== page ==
Russia Is Preparing a Huge Cyberattack, Ukraine Warns
Ukrainian cyber police have alerted the world to what they believe is an imminent Russian hacking attack.
The head of the countryâs cyber police, Serhiy Demedyuk, told Reuters Tuesday that Russian agents had been detected laying the groundwork for a huge coordinated strike targeting a wide range of companies, including banks and energy infrastructure targets.
Ukraine has become one of the main battlegrounds in the emerging cyberwarfare arena, with Russian hackers regularly attacking Ukrainian military, commercial and civil targets. The most significant event was the 2017 âNotPetyaâ virus, which crippled government agencies and a range of companies before spreading around the globe, causing billions of dollars in losses.
A laptop displays part of a code , which is the component of the Petya malware computer virus, according to the Ukrainian cybersecurity firm ISSP, at the firm's office in Kiev, Ukraine, on July 4, 2017. Ukraine has become a battlefront in the emerging cyberwarfare arenaRecommended Slideshows76In Pictures: The 75 Most Powerful Military Forces in the World61Every World Press Photo Winner Ever: 60 Images That Define Our World51The World's Most Expensive Cities for a Cup of Coffee
Given the interconnected nature of global networks, any attack that starts in Ukraine could find its way around the world. Last month, for ex ample, hundreds of thousands of routers and network-attached storage devices worldwide were infected by the âVPNFilterâ malware. The software can spy on traffic and, if its controller decides, destroy the infected devices. Russia is widely believed to have been behind the malware.
Demedyuk said phishing emails containing viruses were being sent from the website domains of legitimate state bodies that were hacked and hijacked. Agents were also sending emails from fake domains set up to mimic the real agencies.
The malware is broken up into separate smaller files to make it harder to detect. The smaller files can then all be activated together once successfully hidden in the target network.
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âAnalysis of the malicious software that has already been identified and the targeting of attacks on Ukraine suggest that this is all being done for a specific day,â Demedyuk believes, though he did not specify when this may be.
âOn the face of it, there is nothing happening here that does not happen all the time anyway,â explained Keir Giles, an expert in Russian cyber and information security at the Chatham House international affairs think tank. That said, Demedyukâs assertion that the infiltration is in preparation for one single attack is unusual, Giles told Newsweek.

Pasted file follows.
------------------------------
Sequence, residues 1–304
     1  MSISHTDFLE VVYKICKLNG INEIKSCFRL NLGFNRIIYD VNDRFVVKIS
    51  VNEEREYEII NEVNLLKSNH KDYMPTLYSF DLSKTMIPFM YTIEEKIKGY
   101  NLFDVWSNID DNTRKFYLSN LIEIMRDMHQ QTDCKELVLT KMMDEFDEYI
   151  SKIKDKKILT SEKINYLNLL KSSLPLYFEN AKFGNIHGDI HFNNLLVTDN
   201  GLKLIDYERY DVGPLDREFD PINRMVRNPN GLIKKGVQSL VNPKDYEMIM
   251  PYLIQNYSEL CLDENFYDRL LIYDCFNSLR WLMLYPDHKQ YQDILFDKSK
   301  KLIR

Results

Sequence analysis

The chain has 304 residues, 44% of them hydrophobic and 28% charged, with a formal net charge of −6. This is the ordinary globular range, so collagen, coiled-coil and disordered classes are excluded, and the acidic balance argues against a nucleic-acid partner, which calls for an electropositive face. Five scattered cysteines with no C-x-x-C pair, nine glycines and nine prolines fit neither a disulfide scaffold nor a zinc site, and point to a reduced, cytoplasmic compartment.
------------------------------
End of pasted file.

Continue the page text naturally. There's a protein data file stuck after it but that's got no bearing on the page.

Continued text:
An armed man patrols at the Simferopol airport in the Crimea region February 28, 2014. Ukraine has been a choice target of Russian cyber warfare since the seizure of Crimea sparked an ongoing war between the two nations in eastern Ukraine.
Demedyuk suggested that Ukraineâs Constitution Day, which will be celebrated this Thursday, could be the timing for the attack, as could Independence Day on August 24. Previous Russian cyber operations have coincided with na tional holidays, he explained.
If he is correct, Demedyuk believes this could be preparation for another NotPetya-scale assault. âThis is support on a government levelâ"very expensive and very synchronized. Without the help of government bodies, it would not be possible. Weâre talking now about the Russian Federation,â he said, noting that â99 percent of the traces come from Russia.â
Though cooperation with NATO nations such as the U.S. and U.K. has given Ukraine some level of defence, Demedyuk warned the country is still vulnerableâ"not least because some companies have still not removed traces of NotPetya from their systems, meaning it could be reused by an attacker. He urged Ukranians to âcome to your senses, check your equipment.â
Giles told Newsweek that basic software maintenance and good cyber security habits go âa long wayâ towards defending against attacks. However, he emphasized this âwill not deal with the more sophisticate d levels of attack, particularly if it involves the advanced âspear phishingâ we are seeing very commonly from Russia.â Spear phishing is like regular phishing, with the difference that the virus-laden email comes from a trustedâ"or seemingly trustedâ"source.
The attacks on Ukraine are a window into Russiaâs expanding cyber clout, which the Kremlin has been cultivating since long before the seizure of Ukraine. Russia considers itself âin a state of war in the information domainâ"which includes cyber,â Giles said. Russia has been âextremely busily stockpiling and building up all of these latent capabilities for causing damageâ at a time of its choosing, he added.
When considering Russiaâs cyber reach, it is vital to consider not just the countryâs level of technology but also its willingness to use it. âIf you factor the two together, Russia becomes very much more dangerousâ than its level of capability might initially suggest, Giles said.So urce: Google News Ukraine | Netizen 24 Ukraine